Green Party Broadband Manifesto – Short but where’s the sweet?

The Green Party will:

• carry out a feasibility study into the State re-taking control of Eircom, divesting any commercial operation, and maintaining the fixed-line network as an open access infrastructure to all operators;

I dunno lads. Why buy junk? Might be better to build an alternative network and merge existing assets and then tell the Dept of Environment to bring out a universal planning regulation for carrier neutral ducting everywhere in Ireland. Every estate should have neutral ducting going to each home.

Set the mobile phone operators, cable companies and Eircom into direct competition to get cheaper, faster and more integrated broadband services;

Isn’t that what they are doing in Dublin without intervention? But how do you do that? Isn’t that what’s meant to be in a manifesto?

Review the Government’s rollout of metropolitan area networks to resolve the issues of the delivery of ‘back-haul’ connections and the ‘last mile’ connection to the consumer;

Yes. Definitely. Total waste of money so far.

Consolidate post offices into local community internet/broadband facilities;

Surely we should be aiming to have all households using broadband instead? But I like the idea. Not bad for people afraid of the Internet, maybe a good way of introducing them to it. Why not use Post Office property as drop centres for massive fibre hubs that locals can possibly dig to? Circumvent eircom exchanges, though with real and proper fibre, exchanges become obsolete.

Introduce a proper policing and monitoring system for the operation of mobile phone masts;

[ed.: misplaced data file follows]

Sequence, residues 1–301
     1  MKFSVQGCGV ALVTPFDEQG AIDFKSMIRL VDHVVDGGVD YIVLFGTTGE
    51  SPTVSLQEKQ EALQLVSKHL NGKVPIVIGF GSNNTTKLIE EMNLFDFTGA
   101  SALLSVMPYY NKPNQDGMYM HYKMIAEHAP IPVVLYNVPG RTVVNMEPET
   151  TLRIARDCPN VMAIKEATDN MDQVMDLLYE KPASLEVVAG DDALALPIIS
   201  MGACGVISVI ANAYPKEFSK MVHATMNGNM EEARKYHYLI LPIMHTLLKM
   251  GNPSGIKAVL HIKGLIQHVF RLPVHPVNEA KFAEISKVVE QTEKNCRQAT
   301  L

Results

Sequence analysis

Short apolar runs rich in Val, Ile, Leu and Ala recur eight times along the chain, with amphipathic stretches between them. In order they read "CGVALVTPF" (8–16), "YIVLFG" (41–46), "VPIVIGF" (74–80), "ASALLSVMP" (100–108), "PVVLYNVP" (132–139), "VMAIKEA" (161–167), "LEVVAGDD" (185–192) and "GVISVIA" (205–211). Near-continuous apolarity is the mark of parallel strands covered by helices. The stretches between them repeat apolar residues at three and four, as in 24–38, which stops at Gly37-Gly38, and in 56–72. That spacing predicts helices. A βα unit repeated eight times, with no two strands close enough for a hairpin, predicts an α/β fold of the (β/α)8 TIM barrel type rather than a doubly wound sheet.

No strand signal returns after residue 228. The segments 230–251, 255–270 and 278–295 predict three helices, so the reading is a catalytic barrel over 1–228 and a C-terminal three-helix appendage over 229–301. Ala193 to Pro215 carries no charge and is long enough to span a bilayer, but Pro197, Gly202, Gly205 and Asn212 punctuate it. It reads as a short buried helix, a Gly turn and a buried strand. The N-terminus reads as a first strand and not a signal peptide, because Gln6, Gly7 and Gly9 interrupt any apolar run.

Oeeer. This must have been proposed by the same wing that Typhoid McKenna is in. No masts, no anti-biotics.

Establish a new unified broadcasting regulator and the similar reconstitution of the RTE Authority to ensure its future independence;

Regulators send shivers up my spine.

Develop an all-island digital ‘free to air’ broadcasting service carrying RTE 1 & 2, TG4, TV3 and the Northern Ireland BBC/ITV public service main channels.

Yes, and how about making them licence their content using creative commons licences?

Not as detailed as Labour, better than Fine Gael’s. I think we need something far more in-depth. No spectrum policy. Nothing about the sloppy telecoms regulator. Half arsed. Nothing abour future planning whatsoever. Nothing about making sure things can get worse, which they easily can. Nothing at all ambitious.

6 Responses to “Green Party Broadband Manifesto – Short but where’s the sweet?”

  1. Damien,

    I am reading all your comments, listening to you on the Last Word, and am generally a fan…

    So tell me. How can we vote for you to be put in charge of this mess and get it fixed once and for all?

    Nick Whittome
    The Naked MVP

  2. Damien says:

    Demand your local TDs to remove the regulator. That’ll be a start anyway.

  3. You know… I would if they knocked on the door.

    But because I have a for sale sign up for the last 8 months they tend to skip us 😉

  4. […] Welcome to the Prescott Moment of the campaign which within an hour or so has been youtubed (money changed hands!) and the video editors and creative types amongst you will find the necessary material here, (Raw footage!) here and originally here. We await your efforts! […]

  5. […] Goodbye Dialup Dempsey, hello someone that is more able to fix the communications problems than anyone to date. I’m actually quite happy and confident that Eamon Ryan is the new Minister for Energy, Communications and Natural Resources. There were bits of the Green Manifesto I disagreed with but I hope most of it is implemented. It was a very tough decision shutting down IrelandOffline last week but it gets a little easier to sleep knowing the new boss is not a Fianna Fáiler, PDr or Fine Gaeler. Fingers crossed. Minister, please do something about ComReg. blogging blogs ireland irelandoffline irish irishblogs […]

  6. […] The timing is interesting, announced on the day that a Eamonn Ryan (Green Party) was appointed minister for the new Department of Communications, Energy and Natural Resources. Eamonn’s own site contains a number of broadband related resources and the Green Party Election Manifesto on Transport and Communications (2007) suggests carrying out a feasability study into the State re-taking control of Eircom (Damien Mulley has some good comments). Lets all hope Eamonn gives the issue due attention. This is a critical national resource; it should not be controlled by a foreign owned commercial monopoly. […]